United States Committee for Refugees and Immigrants, U.S. Committee for Refugees World Refugee Survey 1997 - Cambodia, 1 January 1997, available at: http://www.refworld.org/docid/3ae6a8b810.html [accessed 24 June 2017]
This is not a UNHCR publication. UNHCR is not responsible for, nor does it necessarily endorse, its content. Any views expressed are solely those of the author or publisher and do not necessarily reflect those of UNHCR, the United Nations or its Member States.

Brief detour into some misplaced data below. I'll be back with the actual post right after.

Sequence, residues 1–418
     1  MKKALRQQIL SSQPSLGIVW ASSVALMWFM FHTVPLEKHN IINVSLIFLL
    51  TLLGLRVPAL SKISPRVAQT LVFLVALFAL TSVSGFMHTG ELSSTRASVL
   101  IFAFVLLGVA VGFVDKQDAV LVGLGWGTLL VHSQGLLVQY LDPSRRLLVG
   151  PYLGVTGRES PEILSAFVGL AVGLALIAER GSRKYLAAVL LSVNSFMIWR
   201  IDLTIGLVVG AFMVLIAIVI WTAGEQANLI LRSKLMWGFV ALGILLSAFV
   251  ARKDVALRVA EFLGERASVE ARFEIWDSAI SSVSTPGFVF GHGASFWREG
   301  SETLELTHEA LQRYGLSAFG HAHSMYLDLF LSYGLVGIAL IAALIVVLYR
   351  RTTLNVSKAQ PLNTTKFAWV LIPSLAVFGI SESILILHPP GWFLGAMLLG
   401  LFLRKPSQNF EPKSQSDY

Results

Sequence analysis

An estimated 32,000 Cambodians were internally displaced at the end of 1996. Some 34,400 Cambodian refugees were living in Vietnam, and about 70 were living in other countries. A total of 427 Cambodian asylum seekers were sent home from neighboring countries during the year. The majority, some 360, were returned from Indonesia, including 183 whom the Indonesian authorities returned by force. Between 1992 and 1993, an ambitious, $3 billion international effort aimed at helping Cambodia recover from years of civil war and genocide succeeded in bringing about democratic elections, the birth of a free press, numerous political parties, and a grass-roots human rights movement. It also facilitated the return home of more than 360,000 Cambodian refugees. The UN and the international community hailed its success. Since then, however, political violence, corruption, repression, the silencing of critics, and continued fighting have threatened to wreck what was accomplished in 1993. In September, King Sihanouk granted an amnesty to a senior Khmer Rouge leader, Ieng Sary, who split from the Khmer Rouge along with more than 1,000 followers and negotiated a peace agreement with the government. Sary had been Cambodia's deputy foreign minister during the Khmer Rouge's years in power. Internal Displacement At the end of the year, some 32,000 Cambodians were internally displaced as a result of the Khmer Rouge's continued terrorism and fighting between the Khmer Rouge and the Cambodian armed forces (often described as undisciplined and responsible for much of the crime that occurs throughout the country). Many were located in areas that are heavily mined. One aid organization charged that the government had forced a number of displaced persons to resettle in heavily mined areas, a charge the government denied. In February, some 3,900 displaced persons returned to their homes in Battambang and Banteay Meanchey provinces. Most of those who remained displaced in those provinces were long-term displaced persons who were still unable to return home or who were awaiting resettlement in new sites. Most at risk were the more than 16,500 persons displaced in Siem Reap and Preah Vihear provinces, where fighting between government troops and the Khmer Rouge and Khmer Rouge intimidation of civilians remained heaviest. Cambodian Refugees/Asylum Seekers According to UNHCR, some 30,000 ethnic Vietnamese Cambodian refugees who fled Khmer Rouge-inspired violence against ethnic Vietnamese in Cambodia between 1993 and 1995 remained in Vietnam. Another 4,400 Cambodian refugees, mostly ethnic Chinese who fled to Vietnam between 1978 and 1980, also remained there. No Cambodians repatriated from Vietnam during the year. During 1996, Indonesia returned some 350 Cambodian asylum seekers who had lived for many years at the Galang Island camp for Vietnamese asylum seekers. In July, a group of 170 returnees initially refused to disembark from the ship that took them back, but finally did so after discussions with UNHCR and Indonesian and Cambodian government officials. Altogether, Indonesia forcibly returned 183 Cambodians during the year. Ethnic Vietnamese in Cambodia Hostility toward ethnic Vietnamese in Cambodia continued during the year. According to Amnesty International, "In Cambodia, the ethnic Vietnamese minority are one of the most vulnerable groups in the country. There is widespread discrimination against them...which is reflected in government policies, and in recent years they have been attacked, forcibly exiled, and denied equal protection under the law." In May, Cambodian gunmen killed 14 ethnic Vietnamese living in a floating village on Tonle Sap Lake. On March 9, the Cambodian authorities deported to Vietnam three Vietnamese who they claimed belonged to Vietnam Tudo, a group that opposes the Vietnamese government. Also in March, 15 ethnic Vietnamese made their way into the U.S. embassy in Phnom Penh and requested asylum. Cambodian police prevented 38 others from reaching the embassy. Embassy officials persuaded them to leave the embassy after receiving assurance from the Cambodian government that the authorities would not arrest or deport the members of the group if they abstained from anti-Vietnamese government political activity. Members of the group claimed that they had earlier been arrested by the Cambodian authorities, who suspected them of being Vietnam Tudo supporters. On December 5, Cambodia deported 19 ethnic Vietnamese who, according to Amnesty International, were subsequently arrested by the Vietnamese authorities. Nine of the 19 had filed asylum applications with UNHCR, which considered them "of concern." UNHCR had requested the Cambodian government not to forcibly repatriate any of the 19 until the agency could assess their asylum claims. The 19 were part of a group of 28 ethnic Vietnamese who were en route to a political meeting in Thailand when Cambodian border guards arrested them. Cambodia released eight members of the group who had Cambodian identity papers and deported to the United States one who held a U.S. passport. USCR wrote to the Cambodian authorities to express its concern over their actions.